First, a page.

Let's all say it together: Fred Mohs was right. Let's say it again: Fred Mohs is right.
I began working on a series of posts on the downtown "homeless" issue over a month ago.
- This was just after civic leader Fred Mohs in early March suspended the First United Methodist Church's free Sunday parking in the ramp he owns until the church gets a better handle on the homeless vagrants they have attracted with great big gobs of guilt-free honey.
- That was another month after Joel Marino was stabbed to death January 28 in his home on Monona Bay, not far from Brittingham Park, the haunt of many juiced-up "homeless" people.
- Now we have the truly tragic death of a promising young scholar and lovely human being, Brittany Sue Zimmermann, age 21, in her apartment on West Doty Street on April 2. From early indications, her slaughter may have been at the hands of the predator population that city taxpayers are feeding and housing.
- All of which follows the March 2005 torching in downtown Madison.
- And then there are the countless incidents of threatening behavior, accosted citizens, vile language, and other befoulings of the public square.
And I will have a lot more to say about this issue. This, Madison, is only the first salvo.
They shall be called vagrants
Fred Mohs sounded the alarm back on downtown lawlessness just as Ald. Thuy Pham-Remmele did for the southwest side.
Both alerted the larger city to crime and quality of life problems. For a while last summer and fall, the movement to take back the streets for people willing to obey the law and follow the rules seemed to leapfrog the downtown on its way to the northeast side. But now the debate has augured right into Progressive ground zero.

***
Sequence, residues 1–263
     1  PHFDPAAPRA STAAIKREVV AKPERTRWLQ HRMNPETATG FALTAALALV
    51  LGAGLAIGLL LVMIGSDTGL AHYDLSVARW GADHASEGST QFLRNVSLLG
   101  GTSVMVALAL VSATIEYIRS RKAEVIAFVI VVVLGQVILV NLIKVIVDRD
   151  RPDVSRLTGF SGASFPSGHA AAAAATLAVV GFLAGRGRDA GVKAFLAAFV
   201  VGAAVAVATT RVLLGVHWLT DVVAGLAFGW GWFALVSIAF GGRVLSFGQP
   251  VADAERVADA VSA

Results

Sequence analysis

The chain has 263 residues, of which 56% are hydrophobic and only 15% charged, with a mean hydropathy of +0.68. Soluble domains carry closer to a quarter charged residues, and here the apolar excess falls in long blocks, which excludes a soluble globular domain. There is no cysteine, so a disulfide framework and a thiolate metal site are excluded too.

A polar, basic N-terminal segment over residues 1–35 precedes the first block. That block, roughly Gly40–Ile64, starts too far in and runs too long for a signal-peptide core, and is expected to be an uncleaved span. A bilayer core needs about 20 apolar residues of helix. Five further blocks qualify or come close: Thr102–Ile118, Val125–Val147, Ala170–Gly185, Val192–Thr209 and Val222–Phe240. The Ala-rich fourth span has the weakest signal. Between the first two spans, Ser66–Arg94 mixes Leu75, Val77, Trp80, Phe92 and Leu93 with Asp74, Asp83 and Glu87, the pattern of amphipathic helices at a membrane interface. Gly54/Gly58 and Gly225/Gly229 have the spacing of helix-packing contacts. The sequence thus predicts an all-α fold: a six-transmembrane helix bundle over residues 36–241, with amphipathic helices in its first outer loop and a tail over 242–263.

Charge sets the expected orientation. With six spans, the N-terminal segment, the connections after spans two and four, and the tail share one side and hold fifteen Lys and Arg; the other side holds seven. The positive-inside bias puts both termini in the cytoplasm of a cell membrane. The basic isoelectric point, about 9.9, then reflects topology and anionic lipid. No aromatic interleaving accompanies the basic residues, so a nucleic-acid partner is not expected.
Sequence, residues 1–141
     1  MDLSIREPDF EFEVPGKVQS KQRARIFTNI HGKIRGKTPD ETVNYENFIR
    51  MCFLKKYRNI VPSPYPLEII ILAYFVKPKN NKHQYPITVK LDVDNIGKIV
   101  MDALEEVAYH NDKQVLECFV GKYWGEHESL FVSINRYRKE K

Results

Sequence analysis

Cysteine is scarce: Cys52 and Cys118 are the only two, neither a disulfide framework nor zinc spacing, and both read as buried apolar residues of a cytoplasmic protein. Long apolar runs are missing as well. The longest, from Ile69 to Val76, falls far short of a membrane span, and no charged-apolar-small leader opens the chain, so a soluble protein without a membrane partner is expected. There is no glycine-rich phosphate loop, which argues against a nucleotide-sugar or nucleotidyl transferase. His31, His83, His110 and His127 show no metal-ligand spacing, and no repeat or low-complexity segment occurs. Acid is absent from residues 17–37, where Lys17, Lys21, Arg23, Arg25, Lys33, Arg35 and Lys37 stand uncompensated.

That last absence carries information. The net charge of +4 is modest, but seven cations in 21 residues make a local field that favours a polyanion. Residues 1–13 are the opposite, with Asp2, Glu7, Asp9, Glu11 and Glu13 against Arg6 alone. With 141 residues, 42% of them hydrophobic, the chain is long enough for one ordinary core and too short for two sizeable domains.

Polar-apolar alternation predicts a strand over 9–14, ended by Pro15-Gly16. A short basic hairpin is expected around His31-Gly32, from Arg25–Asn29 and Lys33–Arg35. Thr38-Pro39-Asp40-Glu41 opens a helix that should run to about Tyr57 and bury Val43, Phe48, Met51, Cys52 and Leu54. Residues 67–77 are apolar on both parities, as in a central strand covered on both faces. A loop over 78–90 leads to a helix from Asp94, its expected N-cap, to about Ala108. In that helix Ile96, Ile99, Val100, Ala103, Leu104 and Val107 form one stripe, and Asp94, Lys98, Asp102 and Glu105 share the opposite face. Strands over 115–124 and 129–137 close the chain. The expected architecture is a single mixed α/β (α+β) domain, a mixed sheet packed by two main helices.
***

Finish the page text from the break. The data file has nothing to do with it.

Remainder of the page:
The subject is the growing problem of single, homeless men, which constitute 42 percent of the total homeless population, according to the City of Madison Community Development Office.
Let's not prettify our terms. I will call these men "vagrants" so as to distinguish them from young mothers with children fleeing abusive situations.
Madison, celebrating the cult of victimization, has entitled these self-indulgent predators and shamed those who try to avoid or complain about the confrontations that degrade the downtown experience and, often, threaten the physical safety those who live, work or play there.
I have said this before: all the Overture Centers, art galleries, trendy boites, upscale condos and cute trolley cars will grow tumbleweeds if people are afraid to frequent the public square.
Ald. Thuy is on a rescue mission
Before she left in March to visit her ailing mother, Ald. Thuy Pham-Remmele signaled that she will meet with Mohs to talk about major reform of the city ordinances and policies that seem to invite and enable deviant behavior.
"This is a big issue. That is why I want to see Fred," she told me. Of the so-called homeless, "They are all over the place, creating nuisances. They are abusing the system."
The fiery alder from District 20 is also trying to enlist the Chamber of Commerce, a notoriously timid organization, and the Greater Madison Convention and Visitors Bureau, asking "What is the purpose of bringing people to Madison" if they are afraid to walk the streets?
Pham-Remmele criticized a $75,000 outlay to reach out to Madison's homeless, the Community Development Authority for "just handing out money," and the cornucopia of free food pantries.